BEIJING -- With a barrage of new U.S. import tariffs looming, Chinese Premier Li Keqiang struck a conciliatory tone on trade on Tuesday as his nation's annual legislative session wrapped up.
"A large [U.S.] trade deficit is not something that we want to see," Li told reporters at an annual press conference marking the closing of the National People's Congress session. "We want to see balanced trade, or otherwise this kind of trade would not be sustainable."
To get there, Li called on Washington to ease restrictions on China's purchases of high-tech goods that are now in place in the name of protecting U.S. national security. "We hope this important means for balancing U.S.-China trade relations would not be missed because that would mean missing a good opportunity for making money," he said.
Early in this month's legislation session, Chinese Foreign Minister Wang Yi had warned that Beijing would be prepared to retaliate over new tariffs. Li's softer comments come as the Trump administration is reportedly finalizing plans to announce new tariffs that would cover $30 billion to $60 billion in Chinese imports. Reuters reported on Tuesday that the president would likely announce a package of measures on Friday, with tariffs covering products related to a U.S. complaint over intellectual property rights, including telecommunications equipment and electronic goods.
A 25% tariff on $60 billion of Chinese imports, combined with a proportionate response from Beijing, "would reduce China's GDP growth by around 0.1 percentage points in 2018 and somewhat less in 2019, with a slightly smaller impact in the U.S.," wrote Louis Kuijs, head of Asia economics for research company Oxford Economics, in a research report on Tuesday.
He forecast that China is likely to respond to Trump's announcement with "strong protests," limited trade measures, and extra inspections, tests and procedural delays for U.S. companies investing in and trading with the country.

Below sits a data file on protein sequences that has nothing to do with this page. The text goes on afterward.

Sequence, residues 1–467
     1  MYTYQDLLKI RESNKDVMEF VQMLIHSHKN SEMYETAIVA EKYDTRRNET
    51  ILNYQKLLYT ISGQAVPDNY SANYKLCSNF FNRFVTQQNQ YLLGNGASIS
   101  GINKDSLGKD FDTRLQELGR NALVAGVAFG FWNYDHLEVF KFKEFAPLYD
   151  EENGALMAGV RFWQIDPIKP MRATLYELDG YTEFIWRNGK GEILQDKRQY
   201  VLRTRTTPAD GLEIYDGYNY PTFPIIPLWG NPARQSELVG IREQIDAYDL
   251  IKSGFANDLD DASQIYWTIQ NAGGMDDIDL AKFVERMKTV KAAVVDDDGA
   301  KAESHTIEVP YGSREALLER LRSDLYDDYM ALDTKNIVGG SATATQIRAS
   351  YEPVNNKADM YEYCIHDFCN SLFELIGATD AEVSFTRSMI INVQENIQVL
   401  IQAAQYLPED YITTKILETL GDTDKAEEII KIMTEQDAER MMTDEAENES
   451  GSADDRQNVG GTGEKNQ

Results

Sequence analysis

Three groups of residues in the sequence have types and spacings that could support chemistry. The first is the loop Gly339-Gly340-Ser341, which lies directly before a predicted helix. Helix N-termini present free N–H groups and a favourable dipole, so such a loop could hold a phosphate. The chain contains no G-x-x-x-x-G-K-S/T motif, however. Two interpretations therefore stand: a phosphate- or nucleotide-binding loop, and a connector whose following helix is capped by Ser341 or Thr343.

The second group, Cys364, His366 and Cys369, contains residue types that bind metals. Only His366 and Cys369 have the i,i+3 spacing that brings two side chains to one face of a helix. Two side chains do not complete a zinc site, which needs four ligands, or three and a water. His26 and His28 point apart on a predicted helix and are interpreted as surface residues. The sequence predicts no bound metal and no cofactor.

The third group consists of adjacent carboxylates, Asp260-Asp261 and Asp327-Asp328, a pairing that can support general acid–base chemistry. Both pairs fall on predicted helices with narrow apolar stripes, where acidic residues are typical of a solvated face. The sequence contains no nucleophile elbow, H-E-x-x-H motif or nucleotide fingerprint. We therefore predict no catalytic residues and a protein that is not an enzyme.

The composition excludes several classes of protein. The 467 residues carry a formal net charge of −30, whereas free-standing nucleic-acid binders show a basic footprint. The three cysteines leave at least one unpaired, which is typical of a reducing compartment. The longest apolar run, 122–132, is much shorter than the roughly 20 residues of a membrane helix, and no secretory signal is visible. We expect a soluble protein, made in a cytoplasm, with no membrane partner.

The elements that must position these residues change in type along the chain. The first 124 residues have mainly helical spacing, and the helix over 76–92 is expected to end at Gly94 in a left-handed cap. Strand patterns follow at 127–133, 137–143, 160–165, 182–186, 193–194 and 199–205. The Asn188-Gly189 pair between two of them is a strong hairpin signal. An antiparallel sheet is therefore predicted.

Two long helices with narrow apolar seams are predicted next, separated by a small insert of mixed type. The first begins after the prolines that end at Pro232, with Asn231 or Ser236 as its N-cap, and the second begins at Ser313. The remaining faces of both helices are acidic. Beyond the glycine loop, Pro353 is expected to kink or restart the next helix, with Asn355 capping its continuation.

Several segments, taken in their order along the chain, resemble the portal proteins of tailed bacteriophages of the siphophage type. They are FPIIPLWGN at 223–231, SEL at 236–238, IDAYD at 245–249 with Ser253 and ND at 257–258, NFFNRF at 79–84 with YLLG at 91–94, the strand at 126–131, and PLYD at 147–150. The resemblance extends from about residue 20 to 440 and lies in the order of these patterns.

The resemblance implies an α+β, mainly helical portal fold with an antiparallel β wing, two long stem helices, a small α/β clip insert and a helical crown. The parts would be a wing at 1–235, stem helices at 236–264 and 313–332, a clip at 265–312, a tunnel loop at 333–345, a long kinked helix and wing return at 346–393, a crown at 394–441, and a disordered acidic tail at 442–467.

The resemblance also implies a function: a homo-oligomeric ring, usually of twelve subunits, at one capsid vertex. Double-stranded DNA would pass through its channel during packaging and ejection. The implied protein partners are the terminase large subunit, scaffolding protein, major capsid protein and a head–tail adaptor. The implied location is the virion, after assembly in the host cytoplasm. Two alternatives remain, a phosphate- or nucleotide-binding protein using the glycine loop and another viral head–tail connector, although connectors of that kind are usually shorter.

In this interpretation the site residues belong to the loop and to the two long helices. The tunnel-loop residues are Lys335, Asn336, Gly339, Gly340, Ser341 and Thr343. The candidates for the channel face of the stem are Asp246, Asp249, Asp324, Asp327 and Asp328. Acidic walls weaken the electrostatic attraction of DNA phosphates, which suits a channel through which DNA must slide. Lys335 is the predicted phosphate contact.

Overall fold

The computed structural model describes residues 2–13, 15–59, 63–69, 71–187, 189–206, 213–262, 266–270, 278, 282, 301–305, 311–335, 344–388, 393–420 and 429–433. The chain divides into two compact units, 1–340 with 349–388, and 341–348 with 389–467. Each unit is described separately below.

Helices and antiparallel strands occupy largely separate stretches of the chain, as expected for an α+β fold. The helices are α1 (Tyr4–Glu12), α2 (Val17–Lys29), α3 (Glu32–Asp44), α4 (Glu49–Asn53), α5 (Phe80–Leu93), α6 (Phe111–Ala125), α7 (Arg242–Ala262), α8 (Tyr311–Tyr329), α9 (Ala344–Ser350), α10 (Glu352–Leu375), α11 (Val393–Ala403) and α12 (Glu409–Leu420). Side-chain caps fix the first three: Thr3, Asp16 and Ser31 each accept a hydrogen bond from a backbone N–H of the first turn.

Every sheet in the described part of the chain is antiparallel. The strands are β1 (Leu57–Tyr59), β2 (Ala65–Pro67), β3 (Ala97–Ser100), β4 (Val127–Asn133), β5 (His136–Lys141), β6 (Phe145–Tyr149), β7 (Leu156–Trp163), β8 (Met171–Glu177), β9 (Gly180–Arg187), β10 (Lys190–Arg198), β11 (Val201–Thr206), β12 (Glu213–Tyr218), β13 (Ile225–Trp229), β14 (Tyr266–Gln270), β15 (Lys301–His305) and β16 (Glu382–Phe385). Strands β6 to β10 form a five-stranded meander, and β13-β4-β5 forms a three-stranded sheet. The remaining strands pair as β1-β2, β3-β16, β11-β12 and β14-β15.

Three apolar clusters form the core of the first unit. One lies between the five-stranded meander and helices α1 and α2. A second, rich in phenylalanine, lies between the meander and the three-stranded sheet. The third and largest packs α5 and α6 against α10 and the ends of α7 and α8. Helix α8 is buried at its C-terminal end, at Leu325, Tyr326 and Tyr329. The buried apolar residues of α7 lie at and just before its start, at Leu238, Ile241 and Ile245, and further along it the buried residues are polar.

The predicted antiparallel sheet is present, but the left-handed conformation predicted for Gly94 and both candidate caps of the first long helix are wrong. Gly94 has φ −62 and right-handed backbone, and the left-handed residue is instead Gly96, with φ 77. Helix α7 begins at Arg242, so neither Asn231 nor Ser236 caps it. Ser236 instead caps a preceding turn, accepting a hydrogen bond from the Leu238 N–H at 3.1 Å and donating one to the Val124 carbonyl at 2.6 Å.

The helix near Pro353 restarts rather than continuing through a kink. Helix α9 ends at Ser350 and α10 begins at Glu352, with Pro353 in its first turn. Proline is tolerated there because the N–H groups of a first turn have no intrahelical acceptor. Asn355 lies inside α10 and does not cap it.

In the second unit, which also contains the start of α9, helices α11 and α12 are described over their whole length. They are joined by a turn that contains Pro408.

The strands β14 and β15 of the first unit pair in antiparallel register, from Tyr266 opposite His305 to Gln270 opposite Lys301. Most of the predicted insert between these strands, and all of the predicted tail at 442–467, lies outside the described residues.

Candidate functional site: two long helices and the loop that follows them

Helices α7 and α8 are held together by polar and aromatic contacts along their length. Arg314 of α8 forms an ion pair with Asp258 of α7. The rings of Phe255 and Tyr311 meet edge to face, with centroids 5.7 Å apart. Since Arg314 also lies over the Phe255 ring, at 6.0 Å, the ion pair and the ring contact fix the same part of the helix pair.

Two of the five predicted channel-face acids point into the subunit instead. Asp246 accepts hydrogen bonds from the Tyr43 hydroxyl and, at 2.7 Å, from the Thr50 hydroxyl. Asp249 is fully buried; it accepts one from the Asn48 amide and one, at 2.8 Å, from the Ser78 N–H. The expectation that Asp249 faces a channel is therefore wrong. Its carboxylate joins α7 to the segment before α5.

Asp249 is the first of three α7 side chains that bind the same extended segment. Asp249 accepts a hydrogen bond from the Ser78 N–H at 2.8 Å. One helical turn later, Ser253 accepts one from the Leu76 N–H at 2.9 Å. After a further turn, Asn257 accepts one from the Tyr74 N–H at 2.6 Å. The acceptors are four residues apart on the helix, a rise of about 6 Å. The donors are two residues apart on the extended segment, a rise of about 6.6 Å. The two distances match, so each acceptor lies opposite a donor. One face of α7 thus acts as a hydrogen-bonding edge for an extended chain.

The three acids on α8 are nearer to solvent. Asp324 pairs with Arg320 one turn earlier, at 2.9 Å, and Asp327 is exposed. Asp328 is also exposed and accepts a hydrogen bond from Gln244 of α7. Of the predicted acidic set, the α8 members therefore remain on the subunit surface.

"Beijing will not want to be seen as being soft vis-a-vis the U.S.," he wrote. "[But] a restrained response would allow China to keep 'the moral high ground' as a supporter of globalization and the rules-based multilateral trading system."
In a closing address to the National People's Congress earlier on Tuesday, President Xi Jinping also struck a generally conciliatory tone. "China will never seek hegemony or engage in expansion," Xi said in a live broadcast. "Only those who are accustomed to threatening others see everyone as a threat."
His reassurances however were tempered with his strongest warnings yet for anyone who could be seen as attempting to split off Chinese territory.
"Any actions and tricks to split China are doomed to failure and will be condemned by the people and punished by history," Xi said in comments that could be seen as directed as groups pushing for the formal independence of self-ruled Taiwan or the self-determination of Hong Kong or the western regions of Xinjiang and Tibet, or at India, Bhutan, Japan or Southeast Asian states which each have unresolved territorial disputes with Beijing.
"It is not allowed and absolutely impossible to separate an inch of the country's territories," Xi said. In his own comments, Li added, "We must not tolerate any attempt or proposition for Taiwan independence...and any external force using Taiwan as a card to cause difficulties in cross-strait relations."
Li said that China would open its markets further for foreign investors in sectors including healthcare, education, financial services and manufacturing and scrapping requirements for technology transfers, a key issue in the U.S. intellectual property complaint. He added that Beijing will also reduce import tariffs, especially on consumer goods, and pledged to phase duties on medicines, especially anti-cancer drugs.
Li appeared to dismiss suggestions that China might dump its holdings of U.S. government debt amid escalation trade tensions. "China diversifies the investment of its foreign exchange reserves on the basis of market principles and China will remain a responsible long-term investor," he said. "A stable China-U.S. relationship is in the interests of both countries and the whole world. I think it is unnecessary to worry about developments regarding China's [use of its foreign reserves]."
China's reserves also give it plenty of ammunition to safeguard its financial system, Li said. "China has the ability to prevent systemic financial risks; no such risks will occur in China," Li claimed.
"We have the confidence about meeting all major economic and social development targets this year," Li said, including cutting the country's deficit-to-GDP ratio. He noted that government revenues rose more than expected in the first two months of the year.
Asked about the potential summit between the leaders of the U.S. and North Korea, Li said that Beijing hopes that all countries involved show sincerity to take more concrete action.
Regarding Japan, Li said he will "actively consider" visiting the country for a trilateral meeting with South Korea in the first half of the year.